The US government, in the persons of the FBI and Department of Justice, has been claiming that new levels of iPhone encryption turn those phones into “warrant-proof” zones, and that shouldn’t be allowed. But in that case, we have to make sure nothing else is a warrant-proof zone, either. Which means all of these things:
- The contents of a piece of paper that you ran through a shredder. The entire shredder industry is built around just one thing: putting printed documents forever beyond the reach of any warrant.
- The things you said to your friend in a room with a Nest or Echo device a couple of nights ago. All of these things need to record everything said near them for up to 6 months, in case the government needs to subpoena that information.
- The things you said to your friend in a room that doesn’t have any such device. We’ll need to install government listening devices in all rooms. Yes, including the bathroom — if the terrorists know bathrooms are exempt from warrant searches, they’ll just do all their planning there.
- The things you drew or wrote on a piece of paper in that room with the listening device. It can listen, but it can’t watch. So if you just write out your dastardly plans, then burn the paper afterward, the government can never get that information, even with a lawful warrant.
- Say, speaking of “burning the paper afterward”… hmmm, shredders aren’t the only thing that can destroy paper. Can we outlaw lighters? Barbecue grills?
- Where you drove in a car that doesn’t have OnStar or a LoJack device. By current intelligence community standards “where you drove” is practically metadata anyway (compared to things like what you did there or why you went there), so it shouldn’t even require a warrant to get to! But if there’s no OnStar, LoJack, or GPS-transmitting device on your car, then that information is forever beyond law enforcement’s grasp. (Naturally, this will need to include rental cars, car-share services, and taxis, as well as rental trucks like U-Hauls and so on.)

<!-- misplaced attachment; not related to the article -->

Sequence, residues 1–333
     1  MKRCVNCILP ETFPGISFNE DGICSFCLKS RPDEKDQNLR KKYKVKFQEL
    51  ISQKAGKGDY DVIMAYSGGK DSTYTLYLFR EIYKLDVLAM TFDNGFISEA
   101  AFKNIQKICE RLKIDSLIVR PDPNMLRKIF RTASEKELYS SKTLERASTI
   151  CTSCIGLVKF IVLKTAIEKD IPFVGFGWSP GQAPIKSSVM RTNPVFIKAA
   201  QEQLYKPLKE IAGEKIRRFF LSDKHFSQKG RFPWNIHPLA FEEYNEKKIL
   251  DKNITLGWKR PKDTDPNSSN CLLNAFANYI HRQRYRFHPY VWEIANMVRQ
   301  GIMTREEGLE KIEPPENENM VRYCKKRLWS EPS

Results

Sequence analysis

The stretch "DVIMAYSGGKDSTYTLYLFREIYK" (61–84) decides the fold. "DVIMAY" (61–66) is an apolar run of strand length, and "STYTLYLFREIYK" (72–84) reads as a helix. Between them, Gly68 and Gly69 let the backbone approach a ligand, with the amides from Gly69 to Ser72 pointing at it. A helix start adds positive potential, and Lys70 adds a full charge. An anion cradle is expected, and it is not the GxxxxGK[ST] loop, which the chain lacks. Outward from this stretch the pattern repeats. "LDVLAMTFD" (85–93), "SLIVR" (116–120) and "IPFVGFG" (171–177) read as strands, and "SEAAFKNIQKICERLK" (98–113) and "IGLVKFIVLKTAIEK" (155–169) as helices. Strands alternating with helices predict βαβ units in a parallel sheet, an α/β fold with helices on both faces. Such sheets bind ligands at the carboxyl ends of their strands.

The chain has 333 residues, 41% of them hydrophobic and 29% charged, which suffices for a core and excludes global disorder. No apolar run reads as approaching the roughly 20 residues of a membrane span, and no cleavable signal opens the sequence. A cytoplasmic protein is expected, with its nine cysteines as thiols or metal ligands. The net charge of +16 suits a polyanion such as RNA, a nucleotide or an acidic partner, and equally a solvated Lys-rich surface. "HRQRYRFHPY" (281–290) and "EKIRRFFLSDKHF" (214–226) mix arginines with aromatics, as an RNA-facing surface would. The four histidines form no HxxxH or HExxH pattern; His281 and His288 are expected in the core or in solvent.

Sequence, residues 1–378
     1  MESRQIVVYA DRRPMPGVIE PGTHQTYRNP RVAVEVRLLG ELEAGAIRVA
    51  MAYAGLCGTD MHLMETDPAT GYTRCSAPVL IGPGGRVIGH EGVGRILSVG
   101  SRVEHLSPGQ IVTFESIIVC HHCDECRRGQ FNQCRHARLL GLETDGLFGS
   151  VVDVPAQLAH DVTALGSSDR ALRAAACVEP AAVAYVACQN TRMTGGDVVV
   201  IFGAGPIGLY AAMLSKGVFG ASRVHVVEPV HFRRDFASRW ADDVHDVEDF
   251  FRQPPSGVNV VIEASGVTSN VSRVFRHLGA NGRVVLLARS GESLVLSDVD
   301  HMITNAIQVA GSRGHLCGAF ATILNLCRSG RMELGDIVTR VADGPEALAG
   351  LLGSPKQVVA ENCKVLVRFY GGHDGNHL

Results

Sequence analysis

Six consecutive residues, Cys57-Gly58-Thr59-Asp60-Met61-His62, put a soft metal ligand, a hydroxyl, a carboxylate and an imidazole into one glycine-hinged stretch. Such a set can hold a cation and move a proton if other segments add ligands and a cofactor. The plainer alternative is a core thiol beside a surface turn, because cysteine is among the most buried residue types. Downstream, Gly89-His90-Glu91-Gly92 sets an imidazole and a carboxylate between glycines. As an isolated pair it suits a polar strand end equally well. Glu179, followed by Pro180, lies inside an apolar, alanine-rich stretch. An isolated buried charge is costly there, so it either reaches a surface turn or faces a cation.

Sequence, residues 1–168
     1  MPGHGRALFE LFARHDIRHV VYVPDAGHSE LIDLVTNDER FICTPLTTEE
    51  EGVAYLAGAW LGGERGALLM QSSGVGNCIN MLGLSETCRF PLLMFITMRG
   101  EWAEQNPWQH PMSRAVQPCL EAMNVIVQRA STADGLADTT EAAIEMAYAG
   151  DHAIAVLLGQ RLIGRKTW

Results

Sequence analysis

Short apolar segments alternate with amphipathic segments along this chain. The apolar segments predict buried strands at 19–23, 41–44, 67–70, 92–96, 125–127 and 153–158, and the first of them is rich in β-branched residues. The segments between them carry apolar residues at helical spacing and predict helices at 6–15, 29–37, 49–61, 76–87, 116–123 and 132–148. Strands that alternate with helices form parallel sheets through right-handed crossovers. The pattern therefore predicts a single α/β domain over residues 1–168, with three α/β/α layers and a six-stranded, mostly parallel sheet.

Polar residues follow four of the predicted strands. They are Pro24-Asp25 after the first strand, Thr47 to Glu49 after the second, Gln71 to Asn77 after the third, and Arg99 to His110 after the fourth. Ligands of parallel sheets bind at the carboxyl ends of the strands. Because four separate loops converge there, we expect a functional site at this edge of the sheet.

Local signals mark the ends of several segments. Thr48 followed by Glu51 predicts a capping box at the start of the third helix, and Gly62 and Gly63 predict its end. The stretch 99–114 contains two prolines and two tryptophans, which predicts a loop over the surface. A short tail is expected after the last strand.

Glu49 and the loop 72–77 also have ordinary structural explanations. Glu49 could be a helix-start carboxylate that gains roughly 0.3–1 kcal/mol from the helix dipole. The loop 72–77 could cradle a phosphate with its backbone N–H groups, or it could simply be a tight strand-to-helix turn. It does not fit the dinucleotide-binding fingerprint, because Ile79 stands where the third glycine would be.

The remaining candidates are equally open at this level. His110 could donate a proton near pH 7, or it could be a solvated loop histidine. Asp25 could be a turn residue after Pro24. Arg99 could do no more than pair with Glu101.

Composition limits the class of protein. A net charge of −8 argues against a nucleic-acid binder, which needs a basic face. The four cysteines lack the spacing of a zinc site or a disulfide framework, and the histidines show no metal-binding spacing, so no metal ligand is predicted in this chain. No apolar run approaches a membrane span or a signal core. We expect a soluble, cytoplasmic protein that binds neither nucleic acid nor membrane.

- What you said in the car. When we were installing bugs in every room of every building, we forgot to include all the vehicles…
- Oh, Gods, pictures again?! Better make sure those in-car monitoring devices have video, of course. If the terrorists realize they can make secret plans by sitting in a car and making sketches, all our lives could be at risk!
- You know, back during the Cold War, spies knew one of the best ways to avoid monitoring was to meet on a bench in a park, out in the open, away from anyone who might listen in. If you selected a bench more-or-less at random, nobody would know to have placed a bug on it in advance. But now that we want there to be no place and nothing that’s “warrant proof”, the only solution is to plant a tiny listening device on every park bench, everywhere.
You know what is immune to warrants? Most of reality. And law enforcement has gotten along just fine with that. The desire of law enforcement to be able to spy on absolutely everything is understandable — but it’s something we should push back against, with all our might as citizens of a free society.
Because what the FBI and DOJ are asking for is an Orwellian police state.
When you hear “oh noes, immune to warrants!” look at what the endgame is. And fight back.
 Note: I’m not saying I agree with this argument, just that it’s one I could easily see pro-surveillance types making. With a straight face. ↑↑